A corporate accountant typically records operating transactions in a ledger, a type of accounting document. Detailed transaction information is registered in a subsidiary ledger, then all subsidiary ledger data are reported in a general ledger at the end of a quarter or year. General ledger and subsidiary ledger (sub-ledger) accounting methods help an accountant or bookkeeper record a firm's financial information.

What Is a Ledger?

A ledger is a financial summary that lists a corporation's operating transactions in two columns: debits and credits. A firm's accountant or bookkeeper makes journal entries to record these transactions. In other words, she debits and credits accounts. Types of accounts include asset, liability, expense, revenue and equity.

A corporate accountant debits an expense or asset account to increase its balance, crediting the account to reduce its amount. The opposite is true for revenue, equity and liability accounts.

What Is the Subsidiary Ledger?

A subsidiary ledger is the first document in which a bookkeeper records corporate transactions. In a sense, a subsidiary ledger is the pillar of accounting information in modern economies because all financial reports are based on subsidiary ledger data. A bookkeeper makes journal entries in a subsidiary ledger.

For example, a firm issues a $1,000 check to pay the monthly electricity bill. A bookkeeper debits the utilities expense account for $1,000, and she credits the cash (asset) account for the same amount.

What Is a General Ledger?

A general ledger includes information from related subsidiary ledgers. For instance, the bookkeeper records the $1,000 utilities expense in Supplier A's subsidiary ledger. The firm has five suppliers from which it purchases electricity and gas for its operating activities.

Subsidiary ledgers for Supplier B, Supplier C, Supplier D and Supplier E indicate payable amounts of $2,000, $4,000, $1,000 and $3,000, respectively. The company's utilities expense in the general ledger, meanwhile, shows a total of $11,000.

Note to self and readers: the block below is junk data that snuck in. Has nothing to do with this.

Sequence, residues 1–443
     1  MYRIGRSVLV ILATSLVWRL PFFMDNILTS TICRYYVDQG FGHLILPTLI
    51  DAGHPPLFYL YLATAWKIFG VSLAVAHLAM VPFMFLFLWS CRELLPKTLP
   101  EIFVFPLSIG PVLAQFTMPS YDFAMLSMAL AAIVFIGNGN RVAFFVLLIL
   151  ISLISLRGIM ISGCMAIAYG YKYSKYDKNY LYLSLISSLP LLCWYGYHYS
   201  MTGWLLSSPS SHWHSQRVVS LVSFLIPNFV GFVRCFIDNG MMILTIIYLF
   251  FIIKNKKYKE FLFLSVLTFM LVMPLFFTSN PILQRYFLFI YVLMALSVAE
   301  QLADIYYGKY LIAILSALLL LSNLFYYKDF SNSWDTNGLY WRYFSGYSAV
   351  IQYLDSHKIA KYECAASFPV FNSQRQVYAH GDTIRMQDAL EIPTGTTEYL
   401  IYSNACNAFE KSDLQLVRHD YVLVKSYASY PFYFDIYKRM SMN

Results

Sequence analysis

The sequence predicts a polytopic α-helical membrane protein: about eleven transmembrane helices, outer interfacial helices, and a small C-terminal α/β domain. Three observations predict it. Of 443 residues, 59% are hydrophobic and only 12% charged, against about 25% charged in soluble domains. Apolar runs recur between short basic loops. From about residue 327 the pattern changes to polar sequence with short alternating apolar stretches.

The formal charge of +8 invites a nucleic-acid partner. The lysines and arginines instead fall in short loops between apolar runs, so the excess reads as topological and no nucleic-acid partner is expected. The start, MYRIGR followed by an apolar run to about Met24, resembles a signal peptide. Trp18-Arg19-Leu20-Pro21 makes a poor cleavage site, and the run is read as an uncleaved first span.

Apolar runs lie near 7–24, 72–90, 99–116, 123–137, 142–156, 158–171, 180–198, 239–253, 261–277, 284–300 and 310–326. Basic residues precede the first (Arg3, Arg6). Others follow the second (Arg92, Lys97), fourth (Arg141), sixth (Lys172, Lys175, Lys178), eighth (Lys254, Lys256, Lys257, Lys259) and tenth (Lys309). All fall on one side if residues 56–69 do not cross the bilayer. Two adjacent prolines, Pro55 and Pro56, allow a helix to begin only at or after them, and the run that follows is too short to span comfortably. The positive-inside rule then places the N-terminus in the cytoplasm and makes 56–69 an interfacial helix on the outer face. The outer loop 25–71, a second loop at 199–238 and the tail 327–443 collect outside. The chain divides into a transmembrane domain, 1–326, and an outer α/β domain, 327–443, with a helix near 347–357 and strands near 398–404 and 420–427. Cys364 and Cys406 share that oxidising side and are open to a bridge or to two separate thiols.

Subsidiary Ledger vs. General Ledger Accounting

A corporate accounting clerk typically records transactions in subsidiary ledgers. A general ledger, on the other hand, serves primarily for reporting processes. The clerk makes journal entries based on the transaction and applies accounting principles to ensure that recorded amounts are accurate. A bookkeeper also makes adjustments at the end of a period to record correct amounts for prepaid expenses.

To illustrate this in the general ledger vs. sub ledger, consider that a firm pays $6,000 in insurance premiums for six-month coverage. At the end of the first quarter, only $3,000 in insurance expense must be recorded. The bookkeeper credits the prepaid insurance account (asset) for $3,000 and debits the insurance expense account for the same amount.

International financial reporting standards, or IFRS, and U.S. generally accepted accounting principles, or GAAP, require a company to issue four general ledger reports. These reports, also called financial statements, include a balance sheet, statement of income, statement of cash flows and statement of retained earnings.